Barbecue aroma wafting from the Show-Me Tent behind the Women’s Building at the Missouri State Fair enticed onlookers Friday to come take a peek at the competitors who were grilling up tantalizing entries in the fourth annual Show-Me Throwdown Tailgate Barbecue Contest, sponsored by Sonic Drive-In.
Beginning at 7:30 a.m. 18 teams spent the morning grilling up an assortment of bratwurst, burgers and chicken wings. The grilling teams christened with monikers such as “Barnyard Buddies,” “Burnt Finger,” Grillin’ and Chillin’” and “Meat Too Good To Beat,” were happy to talk about their technique and and their barbecue style.
Dale Anson, of Sedalia, with Grillin’ and Chillin’, went on to take Reserve Grand Champion with his barbecue. Anson isn’t a first timer at winning barbecue contests — he had several of his trophies placed next to his grill Friday.
Anson, who has been competing for three years, said he was grilling a Best Ever Burger with a mushroom topping served on an onion bun.
“My second year at the Blues and Barbecue we won with the Best Ever Burger,” he said. “My last trophy was at Smithton (Fair) Barbecue Pit Masters, I took first in brisket.”
At a recent contest in February, Anson’s Drunken Duck was a hit.
“It’s just a bourbon marinade,” he added. “I’d never cooked duck before, so I thought I’d try something out. It’s a lot of fun.”
In Friday’s competition Anson also entered dry-rub wings and brats. He said he prefers the dry rub for wings over a sauce.
“That’s what judges look for,” he said. “Dry rubs and marinades.”
He said his rub is made with common basic ingredients such as onion and garlic salt, pepper, seasoning salt and chili powder.
Seth and Lindsey Tyre, of Slater, members of the Meat Too Good To Beat team, placed first for their spicy-hot chicken wings prepared in a special sauce. The wings also won first place at the Apple Jubilee in Waverly last fall.
“It was the first time we’d ever tried them,” said Seth, who co-owns Tyre Farms with his wife. “Our wings have a sauce to them where a lot of people like to turn in the dry (rub) wings. And then my wife’s long family history of barbecuing … her dad was the state champ at the Missouri State Fair when they used to have the big barbecue contest.”
The wing’s excellent taste comes from the sauce, Seth said, which cooks down until it creates a crusty caramelization.
“It creates a hard crust,” he said. “I really don’t know anything about cooking, but she does, she comes up with the recipes.”
“It’s basically … a sauce with some barbecue sauce and a couple different kinds of hot sauce, and a little bit of sugar,” Lindsey said. “We sit them in there and let them go, until they get kind of sticky and they thicken up a little bit.”
Lindsey added that the contest was fun and less stressful than some barbecue contests because of the tailgate theme.
“That makes it easier for us, because we don’t cook brisket and ribs,” she added. “But everybody can throw a burger on the grill, so it’s a lot of fun. I love the wings, they’re my favorite.”
New comers to the barbecue scene, and placing second with their brats, were team Barnyard Buddies, of Jefferson City. The team consisted of friends Mark, Sherri and Mary Russell, and Max and Kathleen Stroup.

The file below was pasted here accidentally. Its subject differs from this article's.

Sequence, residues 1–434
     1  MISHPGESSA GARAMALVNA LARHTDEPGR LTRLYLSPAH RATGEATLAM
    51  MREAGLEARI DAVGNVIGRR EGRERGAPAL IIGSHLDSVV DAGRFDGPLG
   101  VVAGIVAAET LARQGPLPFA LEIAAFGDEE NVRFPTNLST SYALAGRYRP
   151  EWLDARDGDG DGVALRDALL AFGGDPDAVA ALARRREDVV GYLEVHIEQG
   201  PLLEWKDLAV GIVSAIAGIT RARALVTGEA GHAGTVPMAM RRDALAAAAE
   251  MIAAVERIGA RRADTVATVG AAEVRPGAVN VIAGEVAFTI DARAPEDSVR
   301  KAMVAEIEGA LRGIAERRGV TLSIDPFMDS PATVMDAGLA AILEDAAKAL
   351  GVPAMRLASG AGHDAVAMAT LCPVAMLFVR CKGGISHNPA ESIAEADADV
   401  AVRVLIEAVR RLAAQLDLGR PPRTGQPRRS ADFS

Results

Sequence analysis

The team said they were actually making up the recipes at the competition as they grilled.
“We brought everything out of our kitchen, it’s very hilarious,” said Mary Russell, of Rocky Road Farms in Jefferson City. “I bet we have 20 sauces! We love the fair.”
Their photogenic Bacon Brats on Pretzels Buns were topped with caramelized onions, homemade tomatillo salsa and homegrown sweet peppers.
“Sherri Russell actually home-baked the pretzel buns,” said team member Max Stroup.
For their hamburgers the team mixed in onion soup mix and caramelized onions and added a topping of brown sugar and butter melted together. Then additional toppings of shredded cheese and candied bacon.
The Burnt Finger team consisting of Theo Asbury, of Sedalia, and Andy Abney, of Smithton were feverishly working on their homemade apple flavored brats served with sauerkraut and the square beef and lamb hamburgers they would serve on poppy seed ciabatta buns.
Abney said they had been competition in barbecue contests for approximately five years.
“We’ve tried a lot of different combinations over the years,” he said. “We make our own rubs and our own sauces.”
Asbury said he believed the secret to making their team’s brats stand out would be the apple flavor.
“We put bacon on it and Theo just put the sauerkraut on it,” added Abney.
“We may not win but we’re having fun,” added Asbury. “It’s a nice day for it.”
“This is actually the fourth year for this particular contest,” said Fred Utlaut one of the MSF barbecue superintendents. “They used to have a big barbecue contest for years. Mark Wolfe called me about four years ago and he said ‘do you want to do a barbecue contest — and lets make it fun.’ So the idea of the tailgate throwdown came out. And so instead of really cut-throat competition it’s hamburgers, bratwurst and wings.”
He added that the contest has grown since its beginning and having 18 contestants was a perfect.
Awards were announced at 1:30 p.m. Friday; winners were presented with plaques and cash prizes.